Tomorrow the draw for the next FIFA World Cup, the biggest tournament in soccer, will take place. It will determine which teams are going meet in the group stage in South Africa next year, trying to make it to the knock-out stages.
As usual in these draws, there is a seeding in place. But what’s the point in having a seeding? From a mathematical standpoint it is not necessary at all to seed if you want to determine who’s the best.
Tournament organizers want to make sure not too many of the “big” teams meet early which would increase the probability of a “good” team leaving the tournament early. They want to enjoy the play of good teams for as long as possible (and they also want to enjoy the financial benefit of having a team from a big “soccer country” with a lot of viewers, supporters, etc. in the tournament for a long time).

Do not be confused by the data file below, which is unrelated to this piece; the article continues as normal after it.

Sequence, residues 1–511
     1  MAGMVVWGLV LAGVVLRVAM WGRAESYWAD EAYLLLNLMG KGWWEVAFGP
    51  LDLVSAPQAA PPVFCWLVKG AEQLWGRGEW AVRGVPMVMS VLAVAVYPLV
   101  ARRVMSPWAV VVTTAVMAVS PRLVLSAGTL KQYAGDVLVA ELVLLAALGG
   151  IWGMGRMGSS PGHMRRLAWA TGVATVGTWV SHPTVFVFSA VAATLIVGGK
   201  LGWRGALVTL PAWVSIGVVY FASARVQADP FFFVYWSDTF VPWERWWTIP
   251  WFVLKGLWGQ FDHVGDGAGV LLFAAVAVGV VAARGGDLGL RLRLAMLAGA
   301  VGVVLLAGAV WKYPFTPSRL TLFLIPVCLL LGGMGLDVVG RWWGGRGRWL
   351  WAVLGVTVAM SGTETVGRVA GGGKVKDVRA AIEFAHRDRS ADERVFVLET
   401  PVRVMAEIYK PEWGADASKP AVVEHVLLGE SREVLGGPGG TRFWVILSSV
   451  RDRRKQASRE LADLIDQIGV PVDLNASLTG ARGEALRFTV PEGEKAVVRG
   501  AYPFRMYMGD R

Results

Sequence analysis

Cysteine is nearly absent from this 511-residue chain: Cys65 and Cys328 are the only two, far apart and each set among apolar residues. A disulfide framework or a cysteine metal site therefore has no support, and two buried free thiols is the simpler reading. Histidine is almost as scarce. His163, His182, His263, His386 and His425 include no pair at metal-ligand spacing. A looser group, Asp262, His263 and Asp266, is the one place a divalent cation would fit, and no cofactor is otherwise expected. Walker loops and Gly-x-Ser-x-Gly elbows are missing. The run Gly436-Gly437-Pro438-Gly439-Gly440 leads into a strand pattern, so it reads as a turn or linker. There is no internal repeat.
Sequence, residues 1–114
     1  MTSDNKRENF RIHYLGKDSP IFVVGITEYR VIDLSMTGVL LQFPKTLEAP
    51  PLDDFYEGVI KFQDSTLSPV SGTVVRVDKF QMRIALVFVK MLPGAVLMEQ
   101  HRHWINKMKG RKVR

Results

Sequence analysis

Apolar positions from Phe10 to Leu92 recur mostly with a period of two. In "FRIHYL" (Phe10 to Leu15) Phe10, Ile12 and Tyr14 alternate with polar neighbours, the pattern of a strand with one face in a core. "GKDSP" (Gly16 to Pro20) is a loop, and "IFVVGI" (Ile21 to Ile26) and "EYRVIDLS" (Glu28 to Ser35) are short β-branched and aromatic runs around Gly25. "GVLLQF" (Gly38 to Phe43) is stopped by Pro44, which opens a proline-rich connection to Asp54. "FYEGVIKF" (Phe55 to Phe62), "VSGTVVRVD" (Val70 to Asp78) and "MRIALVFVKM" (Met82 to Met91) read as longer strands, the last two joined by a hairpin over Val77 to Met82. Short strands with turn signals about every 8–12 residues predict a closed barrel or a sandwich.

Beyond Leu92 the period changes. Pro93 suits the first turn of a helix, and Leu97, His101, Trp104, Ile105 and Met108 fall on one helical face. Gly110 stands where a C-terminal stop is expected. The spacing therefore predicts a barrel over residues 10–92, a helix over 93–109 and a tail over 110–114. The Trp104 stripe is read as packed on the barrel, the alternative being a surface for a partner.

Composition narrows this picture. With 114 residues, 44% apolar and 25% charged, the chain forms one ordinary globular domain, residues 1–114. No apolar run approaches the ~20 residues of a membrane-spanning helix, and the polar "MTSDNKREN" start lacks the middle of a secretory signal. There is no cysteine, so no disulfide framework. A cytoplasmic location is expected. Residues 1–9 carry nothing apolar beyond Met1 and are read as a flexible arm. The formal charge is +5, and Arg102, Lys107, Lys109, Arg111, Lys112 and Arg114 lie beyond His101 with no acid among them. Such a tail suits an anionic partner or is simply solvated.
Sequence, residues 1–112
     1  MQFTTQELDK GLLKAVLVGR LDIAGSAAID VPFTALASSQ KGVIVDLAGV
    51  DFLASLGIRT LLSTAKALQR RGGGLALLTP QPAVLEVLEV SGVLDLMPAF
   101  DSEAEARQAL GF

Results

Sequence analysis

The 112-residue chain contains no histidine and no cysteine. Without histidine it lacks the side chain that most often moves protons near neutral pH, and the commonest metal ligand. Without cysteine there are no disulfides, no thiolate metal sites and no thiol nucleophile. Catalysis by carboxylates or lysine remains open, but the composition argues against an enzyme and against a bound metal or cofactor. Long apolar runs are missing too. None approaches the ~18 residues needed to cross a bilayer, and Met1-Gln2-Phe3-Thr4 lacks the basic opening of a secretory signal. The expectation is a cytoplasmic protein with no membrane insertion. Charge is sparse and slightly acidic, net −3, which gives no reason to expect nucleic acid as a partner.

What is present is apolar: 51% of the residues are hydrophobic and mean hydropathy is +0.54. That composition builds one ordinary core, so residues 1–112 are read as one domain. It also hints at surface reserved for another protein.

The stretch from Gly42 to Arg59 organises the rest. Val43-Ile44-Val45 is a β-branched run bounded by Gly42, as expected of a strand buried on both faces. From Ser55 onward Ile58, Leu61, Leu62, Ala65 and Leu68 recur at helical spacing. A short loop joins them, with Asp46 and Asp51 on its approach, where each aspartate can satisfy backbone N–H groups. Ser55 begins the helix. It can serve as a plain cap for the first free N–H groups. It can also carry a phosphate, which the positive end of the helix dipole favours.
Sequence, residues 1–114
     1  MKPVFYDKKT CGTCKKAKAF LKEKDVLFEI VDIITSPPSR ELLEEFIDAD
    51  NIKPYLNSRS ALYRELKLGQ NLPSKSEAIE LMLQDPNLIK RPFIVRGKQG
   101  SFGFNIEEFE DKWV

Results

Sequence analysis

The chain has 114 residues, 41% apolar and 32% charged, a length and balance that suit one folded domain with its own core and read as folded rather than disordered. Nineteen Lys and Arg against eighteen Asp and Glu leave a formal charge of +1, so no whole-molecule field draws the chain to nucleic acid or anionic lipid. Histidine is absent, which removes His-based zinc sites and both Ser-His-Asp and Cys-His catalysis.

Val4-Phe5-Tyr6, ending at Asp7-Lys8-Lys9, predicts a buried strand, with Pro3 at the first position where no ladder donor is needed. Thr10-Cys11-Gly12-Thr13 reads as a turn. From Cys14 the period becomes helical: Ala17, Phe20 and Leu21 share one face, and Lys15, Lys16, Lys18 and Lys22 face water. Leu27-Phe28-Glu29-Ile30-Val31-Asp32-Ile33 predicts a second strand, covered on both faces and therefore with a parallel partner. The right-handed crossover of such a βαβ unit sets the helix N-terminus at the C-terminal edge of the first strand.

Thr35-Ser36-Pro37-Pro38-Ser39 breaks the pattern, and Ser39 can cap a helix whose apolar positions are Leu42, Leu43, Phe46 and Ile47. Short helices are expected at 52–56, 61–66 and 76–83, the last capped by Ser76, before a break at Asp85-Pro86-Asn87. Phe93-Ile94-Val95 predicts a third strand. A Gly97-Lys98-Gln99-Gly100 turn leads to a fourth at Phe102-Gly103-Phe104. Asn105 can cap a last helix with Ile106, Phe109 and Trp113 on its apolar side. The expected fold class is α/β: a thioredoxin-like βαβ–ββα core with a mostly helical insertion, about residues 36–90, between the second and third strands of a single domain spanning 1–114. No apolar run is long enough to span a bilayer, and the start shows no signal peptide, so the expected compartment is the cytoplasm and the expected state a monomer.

Do you have a seeding list in your job? If you try to advance a certain topic, do you prefer discussions with easy opponents first or do you try to discuss with the straight-forward, tough and quick guy that always challenges you like hell?
The history of the World Cup has shown that in most cases teams won the tournament that had a rather tough “program” in the early stages. The defending champions, Italy, played Ghana, the Czech Republic and the US in the group stage of the 2006 tournament – arguably one of the toughest groups available.
The point is: If you want an idea to fly, challenge it early and challenge it hard. If it survives that, it will make you and your idea stronger. If it doesn’t, it probably was not going to fly anyway.